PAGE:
I am mad. I am mad about the trash I found on the beach today. It was disturbing and disgusting.
Fair warning! If you don’t want to be disturbed and disgusted, please don’t read any further.
I have been upset by some of the litter I have found in the past, but as I have written before, I try to be philosophical. I concentrate on all the good work people are doing in the world. I haven’t posted the photos of some of the ugly things I have found because I haven’t wanted to offend anyone. Besides some of you probably already think that my habit of taking photos of trash for #Litterati is weird.
It is time for me to get over it.
When I walk at the beach, I usually see at least one plastic tampon applicator wrapped in kelp or half-buried in the sand. I didn’t know they came in such a variety of colors. I have found them in shades of cream, green, pink, purple, and blue. Every time I see one, I wonder how it happened to wash up on the beach. I imagine the North Pacific Gyre, one of the enormous patches of garbage swirling in the ocean. Did these stray tampons break free of the gyre and float ashore in Carlsbad?
Finding a tampon on the beach a few feet from where children are building a sandcastle is cause for concern. What I found today was even more alarming.
One of my first finds was a blue medical glove lying in the wet sand between two surfboards. I don’t know if it washed up after the surfers arrived or if they just didn’t notice it when they put their boards down. Either way, I wasn’t surprised to see the glove. I have found them many times in the past.
I mumbled, “Yuck,” and looked around to see if anyone was watching as I picked it up using my inside-out bag-into-bag method.
As I continued down the beach, I found a soda can and some candy wrappers before encountering my next medical find: a surgical mask. The glove followed by a mask made me pause. I look for patterns in the litter that washes up; a scary one appeared to be emerging.
On I went and before long, I stumbled upon a syringe wrapper. I was shocked and was soon sickened when I saw a sanitary pad. An Ecolab antibacterial soap container didn’t make me feel any better.
Then I noticed something that I thought was a white towel. As I approached, I could see elastic bands that helped me identify it as a mattress pad. Even more surprising, a medical glove and a small plastic cup like those used to administer medications were entangled in its fabric.
I did not pick that pile up, and I felt guilty about it. I made excuses. My bags were already filled with litter. I didn’t want to touch it with my bare hands, and I didn’t have anything to use to safely dispose of it. I took a quick picture and walked away. I passed some teenage girls who were tanning nearby, and I didn’t even warn them.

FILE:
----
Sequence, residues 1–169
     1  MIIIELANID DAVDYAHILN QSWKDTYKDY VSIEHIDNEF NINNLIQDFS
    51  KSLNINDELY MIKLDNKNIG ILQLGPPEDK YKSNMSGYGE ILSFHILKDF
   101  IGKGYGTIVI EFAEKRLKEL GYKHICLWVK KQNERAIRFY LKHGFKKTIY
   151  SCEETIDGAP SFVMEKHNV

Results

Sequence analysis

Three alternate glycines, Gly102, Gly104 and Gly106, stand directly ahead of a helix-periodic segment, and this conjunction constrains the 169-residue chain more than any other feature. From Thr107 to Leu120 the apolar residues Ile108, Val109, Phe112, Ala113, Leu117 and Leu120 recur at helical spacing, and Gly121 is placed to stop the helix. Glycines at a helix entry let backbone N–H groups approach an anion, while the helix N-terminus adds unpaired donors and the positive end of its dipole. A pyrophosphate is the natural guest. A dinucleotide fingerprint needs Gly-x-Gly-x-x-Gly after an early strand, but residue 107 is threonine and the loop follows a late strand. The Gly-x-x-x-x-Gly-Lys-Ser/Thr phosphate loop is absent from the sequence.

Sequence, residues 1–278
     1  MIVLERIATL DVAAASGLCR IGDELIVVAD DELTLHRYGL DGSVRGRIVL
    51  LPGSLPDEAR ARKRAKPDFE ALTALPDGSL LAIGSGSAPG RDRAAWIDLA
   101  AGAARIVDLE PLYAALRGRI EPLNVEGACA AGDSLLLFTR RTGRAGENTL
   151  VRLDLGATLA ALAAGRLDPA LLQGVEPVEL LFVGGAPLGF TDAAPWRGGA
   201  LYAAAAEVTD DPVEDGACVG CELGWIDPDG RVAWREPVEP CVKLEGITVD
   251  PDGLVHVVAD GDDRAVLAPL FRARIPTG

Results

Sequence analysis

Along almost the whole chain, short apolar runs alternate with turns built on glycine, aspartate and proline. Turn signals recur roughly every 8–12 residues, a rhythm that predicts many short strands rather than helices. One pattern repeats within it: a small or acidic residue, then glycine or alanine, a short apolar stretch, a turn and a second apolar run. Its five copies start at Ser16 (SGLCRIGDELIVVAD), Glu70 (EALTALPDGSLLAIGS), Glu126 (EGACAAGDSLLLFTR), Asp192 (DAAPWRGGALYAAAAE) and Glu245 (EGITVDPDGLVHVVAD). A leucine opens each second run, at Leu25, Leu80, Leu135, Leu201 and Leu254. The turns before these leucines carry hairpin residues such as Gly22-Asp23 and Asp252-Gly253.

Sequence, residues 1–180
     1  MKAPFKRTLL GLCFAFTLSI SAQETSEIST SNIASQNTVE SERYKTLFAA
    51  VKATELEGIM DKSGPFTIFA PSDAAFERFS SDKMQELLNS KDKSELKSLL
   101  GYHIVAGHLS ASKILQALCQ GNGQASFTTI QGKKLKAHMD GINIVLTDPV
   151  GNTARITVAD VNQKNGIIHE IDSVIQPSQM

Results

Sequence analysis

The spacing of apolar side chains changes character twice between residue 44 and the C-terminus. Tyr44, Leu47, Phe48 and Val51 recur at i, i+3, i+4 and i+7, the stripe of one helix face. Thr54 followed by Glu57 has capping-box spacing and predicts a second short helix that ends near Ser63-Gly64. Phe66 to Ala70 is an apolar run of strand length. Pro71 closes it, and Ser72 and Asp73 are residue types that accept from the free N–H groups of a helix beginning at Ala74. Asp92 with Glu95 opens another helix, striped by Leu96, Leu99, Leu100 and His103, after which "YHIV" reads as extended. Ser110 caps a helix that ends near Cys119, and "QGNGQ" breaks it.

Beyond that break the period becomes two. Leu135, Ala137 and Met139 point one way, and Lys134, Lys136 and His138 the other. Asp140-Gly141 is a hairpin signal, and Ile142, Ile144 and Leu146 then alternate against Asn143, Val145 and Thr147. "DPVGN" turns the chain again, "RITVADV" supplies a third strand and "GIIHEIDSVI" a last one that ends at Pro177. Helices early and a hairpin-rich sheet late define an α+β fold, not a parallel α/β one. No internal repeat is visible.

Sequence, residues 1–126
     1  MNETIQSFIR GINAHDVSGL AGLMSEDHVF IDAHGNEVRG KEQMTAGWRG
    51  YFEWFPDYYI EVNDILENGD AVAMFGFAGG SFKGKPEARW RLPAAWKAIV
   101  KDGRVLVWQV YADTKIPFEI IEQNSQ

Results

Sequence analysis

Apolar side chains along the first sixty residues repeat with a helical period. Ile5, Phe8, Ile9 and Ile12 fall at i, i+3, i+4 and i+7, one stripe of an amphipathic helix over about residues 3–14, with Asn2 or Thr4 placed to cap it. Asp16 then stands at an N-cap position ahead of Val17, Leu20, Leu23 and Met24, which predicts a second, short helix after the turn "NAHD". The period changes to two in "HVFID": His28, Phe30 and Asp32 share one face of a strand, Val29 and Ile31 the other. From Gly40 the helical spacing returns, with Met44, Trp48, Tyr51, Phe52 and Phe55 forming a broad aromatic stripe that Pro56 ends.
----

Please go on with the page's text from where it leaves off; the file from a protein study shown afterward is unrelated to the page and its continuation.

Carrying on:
As I walked on, I found a purple tampon applicator in the kelp, and even further along, I noticed a mint green one hugging the base of the cliff as young people played Frisbee nearby.
An open “alcohol prep” package was also there on the beach. A mother sat on a rock and watched as her daughter splashed in the surf a few feet away.
I imagined more of the waste swirling in the waves around the swimmers. I felt like yelling “shark” so everyone would run out of the water and escape the swell unharmed—but I wouldn’t have dared.
Instead, this blog post is my warning.
When I got home, I called I Love a Clean San Diego to report what I had found, and the person I spoke to referred me to the ranger station at the South Carlsbad State Beach. The ranger told me that they would let the lifeguards know. I asked them to have the lifeguards locate and dispose of the mattress pad that I had left behind. I then went online and filed a report with the Environmental Protection Agency. I am not sure if there is anyone else I should call or anything more I can do other than inform and educate anyone who will listen.
If you are disturbed and disgusted, here are some links where you can learn more about marine debris:
Act now with the National Resources Defense Council.
Visit the EPA to Learn What You Can Do.
Find ideas for educating others, using the resources provided by the National Oceanic and Atmospheric Administration. They offer free K-12 curriculum as well as posters and other teaching materials.
Participate in I Love a Clean San Diego or other local events.
Join the Litterati.
Be inspired by Judith Selby Lang and Richard Lang, my sister and her husband. Visit their Beach Plastic blog and watch One Plastic Beach, a short documentary about their work.
Great post, Janis! You are truly an activist…in your words and your actions. Definitely disturbing thematic trash trends for you today. Makes me wonder where the trash comes from…like the flowers yesterday.
Thanks, Kim. Our walk and talk the other day helped me find the courage to actually post it.
So glad I came upon your writing. I run around feeling worried about garbage and the state of the planet so it’s nice to meet fellow travellers. I pick up garbage mostly in my neighbourhood in Toronto, Canada. Keep up the good work! The sea animals and beach don’t really speak our language, but I know they are grateful and love what you do!
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